§ The Countess of Mar
asked Her Majesty's Government:
What is the formulation of the Biological Agent Treatment Sets (BATS) issued to British troops during Operation Granby; what are their known side effects, and whether the troops were informed of their formulation, purpose and side effects.
§ Lord Henley
Specific details relating to medical countermeasures against biological warfare agents are classified, but Biological Agent Treatment Sets (BATS) issued to British troops during Operation GRANBY consisted of a licensed antibiotic. Each individual was issued with one set, together with printed instructions for its use. The antibiotic was to have been taken by mouth on the orders of the local commander when the presence of a biological warfare agent was confirmed. No biological warfare agents were detected in the Gulf and it was not therefore necessary for orders to take BATS to be issued.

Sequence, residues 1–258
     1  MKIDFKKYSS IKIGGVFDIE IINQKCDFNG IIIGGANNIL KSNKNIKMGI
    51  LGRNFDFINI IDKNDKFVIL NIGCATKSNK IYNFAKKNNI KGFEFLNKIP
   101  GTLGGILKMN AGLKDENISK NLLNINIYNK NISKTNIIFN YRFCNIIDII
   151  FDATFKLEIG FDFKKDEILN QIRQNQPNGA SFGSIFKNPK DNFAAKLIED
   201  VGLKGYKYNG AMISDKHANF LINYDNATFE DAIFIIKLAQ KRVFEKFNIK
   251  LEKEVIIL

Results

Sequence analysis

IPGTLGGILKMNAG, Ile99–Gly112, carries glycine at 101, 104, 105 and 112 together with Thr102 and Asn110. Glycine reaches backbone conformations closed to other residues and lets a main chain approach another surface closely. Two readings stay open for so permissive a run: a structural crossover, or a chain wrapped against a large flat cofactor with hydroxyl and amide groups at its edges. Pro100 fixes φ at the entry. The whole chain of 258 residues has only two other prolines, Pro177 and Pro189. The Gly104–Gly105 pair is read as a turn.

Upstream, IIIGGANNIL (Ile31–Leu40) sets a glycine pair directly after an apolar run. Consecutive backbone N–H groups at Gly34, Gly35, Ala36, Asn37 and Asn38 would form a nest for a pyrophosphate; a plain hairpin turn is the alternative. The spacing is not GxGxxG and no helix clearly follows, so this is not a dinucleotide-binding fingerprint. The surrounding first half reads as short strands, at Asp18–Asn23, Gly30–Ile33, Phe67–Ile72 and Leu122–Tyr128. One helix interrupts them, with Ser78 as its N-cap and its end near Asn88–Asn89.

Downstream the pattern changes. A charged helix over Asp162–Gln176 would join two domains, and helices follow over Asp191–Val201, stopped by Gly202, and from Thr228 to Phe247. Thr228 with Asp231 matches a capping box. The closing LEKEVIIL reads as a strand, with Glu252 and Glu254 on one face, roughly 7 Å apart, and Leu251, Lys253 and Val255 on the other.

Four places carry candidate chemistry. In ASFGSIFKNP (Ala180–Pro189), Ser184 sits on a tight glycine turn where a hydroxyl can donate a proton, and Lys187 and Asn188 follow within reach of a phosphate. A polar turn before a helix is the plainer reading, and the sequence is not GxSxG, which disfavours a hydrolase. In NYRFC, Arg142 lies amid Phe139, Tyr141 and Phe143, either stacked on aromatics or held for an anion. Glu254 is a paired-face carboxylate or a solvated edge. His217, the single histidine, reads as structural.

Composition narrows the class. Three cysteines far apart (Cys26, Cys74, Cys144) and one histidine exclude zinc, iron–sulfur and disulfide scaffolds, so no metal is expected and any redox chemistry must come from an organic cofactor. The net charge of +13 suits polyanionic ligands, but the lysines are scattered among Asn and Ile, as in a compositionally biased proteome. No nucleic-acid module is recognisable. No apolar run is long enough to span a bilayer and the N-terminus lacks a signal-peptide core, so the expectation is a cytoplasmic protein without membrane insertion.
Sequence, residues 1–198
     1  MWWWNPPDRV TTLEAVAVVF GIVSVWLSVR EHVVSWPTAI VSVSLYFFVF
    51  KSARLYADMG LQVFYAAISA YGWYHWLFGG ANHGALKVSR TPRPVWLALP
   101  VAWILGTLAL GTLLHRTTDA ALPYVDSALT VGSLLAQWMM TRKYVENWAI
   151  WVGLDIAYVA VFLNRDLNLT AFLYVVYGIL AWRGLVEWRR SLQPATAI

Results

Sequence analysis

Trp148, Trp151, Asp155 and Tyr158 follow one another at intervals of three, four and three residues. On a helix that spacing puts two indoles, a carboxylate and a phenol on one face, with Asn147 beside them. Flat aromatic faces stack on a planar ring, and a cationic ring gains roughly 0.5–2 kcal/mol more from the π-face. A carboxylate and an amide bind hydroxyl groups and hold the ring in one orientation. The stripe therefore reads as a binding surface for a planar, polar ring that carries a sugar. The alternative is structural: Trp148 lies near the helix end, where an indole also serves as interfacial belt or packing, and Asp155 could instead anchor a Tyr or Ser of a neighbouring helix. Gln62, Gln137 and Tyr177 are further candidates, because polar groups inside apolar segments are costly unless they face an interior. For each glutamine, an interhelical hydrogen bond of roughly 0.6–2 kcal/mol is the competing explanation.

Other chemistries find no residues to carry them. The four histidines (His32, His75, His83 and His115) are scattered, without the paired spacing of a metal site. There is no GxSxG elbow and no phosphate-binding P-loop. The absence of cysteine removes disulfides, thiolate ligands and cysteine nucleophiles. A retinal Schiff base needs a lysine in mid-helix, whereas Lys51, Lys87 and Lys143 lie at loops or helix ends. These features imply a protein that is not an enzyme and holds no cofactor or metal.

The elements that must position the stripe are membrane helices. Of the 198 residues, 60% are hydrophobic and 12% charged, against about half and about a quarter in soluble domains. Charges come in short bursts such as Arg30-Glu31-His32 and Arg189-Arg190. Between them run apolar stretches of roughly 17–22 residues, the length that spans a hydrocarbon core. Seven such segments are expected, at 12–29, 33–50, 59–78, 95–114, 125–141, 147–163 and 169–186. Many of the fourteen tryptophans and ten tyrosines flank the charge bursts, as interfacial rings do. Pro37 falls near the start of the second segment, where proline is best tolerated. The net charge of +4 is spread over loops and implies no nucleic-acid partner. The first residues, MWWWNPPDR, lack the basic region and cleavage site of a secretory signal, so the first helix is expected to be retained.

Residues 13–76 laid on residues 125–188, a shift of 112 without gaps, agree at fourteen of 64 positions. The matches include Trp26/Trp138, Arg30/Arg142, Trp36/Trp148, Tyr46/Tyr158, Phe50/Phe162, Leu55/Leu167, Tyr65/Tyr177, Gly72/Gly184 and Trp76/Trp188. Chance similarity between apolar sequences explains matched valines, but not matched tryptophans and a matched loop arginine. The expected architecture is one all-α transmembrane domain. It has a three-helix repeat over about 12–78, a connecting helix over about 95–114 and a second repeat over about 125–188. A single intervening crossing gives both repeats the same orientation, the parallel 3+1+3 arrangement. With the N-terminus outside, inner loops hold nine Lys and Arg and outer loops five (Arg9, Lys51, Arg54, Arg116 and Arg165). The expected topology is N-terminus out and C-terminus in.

Side effects to any antibiotic are uncommon but can include nausea, vomiting, diarrhoea and skin rash. All troops were informed of the general nature and purpose of BATS but, because they were only to be used to combat life-threatening biological warfare attack, an explanation of their potential side effects was judged to be unnecessary.